Cadbury to cut workforce
London, June 20, 2007
Confectionery and drinks giant Cadbury Schweppes has announced plans to cut 15 per cent of its staff by 2011.
The UK firm said the 7,500 jobs would go as part of a cost reduction plan that would also see about 15 per cent of its manufacturing sites close.
Cadbury, which employs 50,000 people globally, has yet to say whether any of its UK plants will be affected.
The firm's headquarters are in London, while its main chocolate-making factory is based in Bournville, Birmingham.
A BBC report, citing its Business Editor Robert Peston, said the Bournville site was likely to be largely unaffected.
Cadbury has another chocolate plant in Keynsham, near Bristol, and a cocoa processing operation in North Wales.
It also has a milk-processing facility in Herefordshire, a sugar factory in Sheffield and a medicinal confectionery business in Crediton, Devon.
The reorganisation will cost Cadbury about £450 million in a one-off charge.
But it said that as a result, its profit margins should increase from 10.1 per cent to the mid-teens by 2011.
'Over the past three years, we have made great strides in improving our business performance,' said Cadbury chief executive Todd Stitzer.
'The plans announced today represent the next step in transforming our confectionery company from being the biggest global confectionery company to being the biggest and the best.'
The Transport & General Workers' Union, which represents more than 2,000 of Cadbury's UK staff, said the news of job cuts was a 'grave concern'.
'Cadbury's is an iconic British brand which is a good and successful company that is clearly profitable,' said Brian Revell, the T&G's national secretary for food and agriculture.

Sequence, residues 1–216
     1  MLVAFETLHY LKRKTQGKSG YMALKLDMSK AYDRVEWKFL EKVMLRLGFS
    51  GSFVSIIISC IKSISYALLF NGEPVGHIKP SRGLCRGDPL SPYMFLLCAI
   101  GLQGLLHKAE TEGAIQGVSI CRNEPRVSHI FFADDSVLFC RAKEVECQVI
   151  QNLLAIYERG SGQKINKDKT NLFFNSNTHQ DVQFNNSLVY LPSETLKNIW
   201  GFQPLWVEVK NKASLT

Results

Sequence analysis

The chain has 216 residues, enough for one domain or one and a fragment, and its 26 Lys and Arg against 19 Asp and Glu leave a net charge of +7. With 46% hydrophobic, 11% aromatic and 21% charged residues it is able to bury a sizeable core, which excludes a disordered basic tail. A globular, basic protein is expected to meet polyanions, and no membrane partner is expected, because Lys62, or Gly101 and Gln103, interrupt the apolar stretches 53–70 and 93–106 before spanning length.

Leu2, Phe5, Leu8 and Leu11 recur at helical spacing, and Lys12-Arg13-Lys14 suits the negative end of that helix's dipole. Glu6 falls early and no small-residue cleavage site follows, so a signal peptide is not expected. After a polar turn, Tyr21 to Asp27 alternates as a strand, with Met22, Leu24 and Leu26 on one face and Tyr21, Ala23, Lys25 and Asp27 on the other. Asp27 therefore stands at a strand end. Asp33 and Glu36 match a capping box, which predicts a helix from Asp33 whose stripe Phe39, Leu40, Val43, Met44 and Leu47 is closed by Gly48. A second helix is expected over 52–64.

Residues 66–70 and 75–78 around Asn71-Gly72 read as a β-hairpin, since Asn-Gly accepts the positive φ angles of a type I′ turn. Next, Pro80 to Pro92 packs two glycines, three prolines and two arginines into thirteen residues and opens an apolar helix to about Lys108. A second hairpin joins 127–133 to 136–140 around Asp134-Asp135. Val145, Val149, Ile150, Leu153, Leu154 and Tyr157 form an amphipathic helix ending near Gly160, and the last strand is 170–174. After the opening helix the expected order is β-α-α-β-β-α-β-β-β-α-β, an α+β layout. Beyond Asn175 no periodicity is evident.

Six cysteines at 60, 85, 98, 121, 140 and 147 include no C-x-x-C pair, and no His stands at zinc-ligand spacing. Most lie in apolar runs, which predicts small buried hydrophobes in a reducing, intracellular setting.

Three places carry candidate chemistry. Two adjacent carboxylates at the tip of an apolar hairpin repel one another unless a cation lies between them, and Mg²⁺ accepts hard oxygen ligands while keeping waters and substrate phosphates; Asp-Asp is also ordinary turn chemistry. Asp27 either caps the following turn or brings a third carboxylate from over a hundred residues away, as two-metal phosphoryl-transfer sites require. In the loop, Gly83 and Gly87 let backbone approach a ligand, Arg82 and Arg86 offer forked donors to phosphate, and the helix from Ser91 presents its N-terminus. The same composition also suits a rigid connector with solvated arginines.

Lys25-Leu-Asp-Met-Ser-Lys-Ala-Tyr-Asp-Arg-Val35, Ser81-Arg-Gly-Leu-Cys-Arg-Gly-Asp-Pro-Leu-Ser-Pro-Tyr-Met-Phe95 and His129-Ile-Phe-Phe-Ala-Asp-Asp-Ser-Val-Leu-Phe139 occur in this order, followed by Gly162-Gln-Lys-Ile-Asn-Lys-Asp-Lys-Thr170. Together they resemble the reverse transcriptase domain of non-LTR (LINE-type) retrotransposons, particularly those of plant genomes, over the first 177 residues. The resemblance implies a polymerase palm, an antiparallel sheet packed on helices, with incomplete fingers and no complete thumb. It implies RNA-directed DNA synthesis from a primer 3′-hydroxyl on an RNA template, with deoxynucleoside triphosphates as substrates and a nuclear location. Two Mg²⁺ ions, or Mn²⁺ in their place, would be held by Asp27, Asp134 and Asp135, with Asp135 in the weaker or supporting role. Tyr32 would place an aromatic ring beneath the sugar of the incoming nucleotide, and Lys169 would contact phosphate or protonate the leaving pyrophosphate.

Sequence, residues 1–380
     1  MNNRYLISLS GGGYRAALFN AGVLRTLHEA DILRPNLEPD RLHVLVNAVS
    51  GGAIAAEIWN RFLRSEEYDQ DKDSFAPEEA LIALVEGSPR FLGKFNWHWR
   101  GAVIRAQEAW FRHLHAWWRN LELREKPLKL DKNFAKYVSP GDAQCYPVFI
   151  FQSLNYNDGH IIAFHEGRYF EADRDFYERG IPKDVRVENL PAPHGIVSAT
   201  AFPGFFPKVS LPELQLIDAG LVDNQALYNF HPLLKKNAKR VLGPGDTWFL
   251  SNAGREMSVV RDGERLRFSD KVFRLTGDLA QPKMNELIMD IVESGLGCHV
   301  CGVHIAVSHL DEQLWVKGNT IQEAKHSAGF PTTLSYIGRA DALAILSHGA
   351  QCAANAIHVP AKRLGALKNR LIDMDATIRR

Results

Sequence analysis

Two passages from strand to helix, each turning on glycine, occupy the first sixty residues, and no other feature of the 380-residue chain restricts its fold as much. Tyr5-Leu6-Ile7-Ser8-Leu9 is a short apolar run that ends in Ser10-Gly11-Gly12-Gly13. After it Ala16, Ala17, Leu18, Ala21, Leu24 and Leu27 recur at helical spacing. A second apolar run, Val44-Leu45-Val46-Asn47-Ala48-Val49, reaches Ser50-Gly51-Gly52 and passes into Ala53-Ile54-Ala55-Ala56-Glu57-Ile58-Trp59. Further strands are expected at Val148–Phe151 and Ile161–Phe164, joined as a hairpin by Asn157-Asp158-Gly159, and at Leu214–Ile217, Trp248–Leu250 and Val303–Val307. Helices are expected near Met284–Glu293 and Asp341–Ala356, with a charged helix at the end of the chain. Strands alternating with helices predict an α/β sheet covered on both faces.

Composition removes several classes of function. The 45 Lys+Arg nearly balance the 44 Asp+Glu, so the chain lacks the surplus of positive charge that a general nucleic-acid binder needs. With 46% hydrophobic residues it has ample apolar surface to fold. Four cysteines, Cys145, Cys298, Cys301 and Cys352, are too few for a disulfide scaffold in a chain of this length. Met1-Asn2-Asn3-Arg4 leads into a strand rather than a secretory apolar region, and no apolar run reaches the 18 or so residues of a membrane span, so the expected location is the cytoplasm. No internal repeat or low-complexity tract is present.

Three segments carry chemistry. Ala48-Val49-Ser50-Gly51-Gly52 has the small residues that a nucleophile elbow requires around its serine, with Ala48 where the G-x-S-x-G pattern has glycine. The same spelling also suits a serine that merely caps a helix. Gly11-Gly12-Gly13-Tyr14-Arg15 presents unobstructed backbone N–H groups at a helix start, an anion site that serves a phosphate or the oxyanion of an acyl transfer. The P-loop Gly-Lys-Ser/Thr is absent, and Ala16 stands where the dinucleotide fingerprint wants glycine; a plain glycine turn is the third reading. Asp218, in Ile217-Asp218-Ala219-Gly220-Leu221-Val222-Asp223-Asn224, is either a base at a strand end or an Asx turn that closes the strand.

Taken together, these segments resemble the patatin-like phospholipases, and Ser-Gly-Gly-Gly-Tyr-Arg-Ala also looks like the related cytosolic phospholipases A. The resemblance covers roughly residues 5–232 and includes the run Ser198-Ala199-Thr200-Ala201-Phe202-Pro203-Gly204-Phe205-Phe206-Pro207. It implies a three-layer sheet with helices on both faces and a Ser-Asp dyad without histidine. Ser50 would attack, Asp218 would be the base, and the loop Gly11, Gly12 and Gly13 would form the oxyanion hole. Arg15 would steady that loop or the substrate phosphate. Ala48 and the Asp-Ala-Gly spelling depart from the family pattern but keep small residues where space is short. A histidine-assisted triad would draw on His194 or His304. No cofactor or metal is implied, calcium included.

'We have worked hard with Cadbury in recent years and co-operated in a change programme which means the UK factories are extremely efficient.
'We are, therefore, concerned by today's announcement which we are convinced is driven by the threat of a takeover by private equity.'
Cadbury also said it would probably now sell off its drinks business, as part of plans to split the company in two.
The company said unnamed parties had expressed an interest in buying the Schweppes unit, which produces drinks such as Dr Pepper and 7-Up.
This sale could raise more than £7 billion, and the interested parties are said to be private equity groups.
US newspapers say two private equity consortia are looking at Schweppes, with the first comprising Bain Capital Partners, Thomas H Lee Partners and Texas Pacific Group.
The second is said to be Blackstone Group, Kohlberg Kravis Roberts and Lion Capital.
Others say Schweppes could see a third offer by a group led by Canadian drinks-maker Cott.
Following the expected sale, Cadbury said it would simply remove the Schweppes part of its name.
The firm has been under pressure after poor European sales and a costly salmonella scare in the UK - which led to a million chocolate bars being recalled - saw profits fall sharply last year.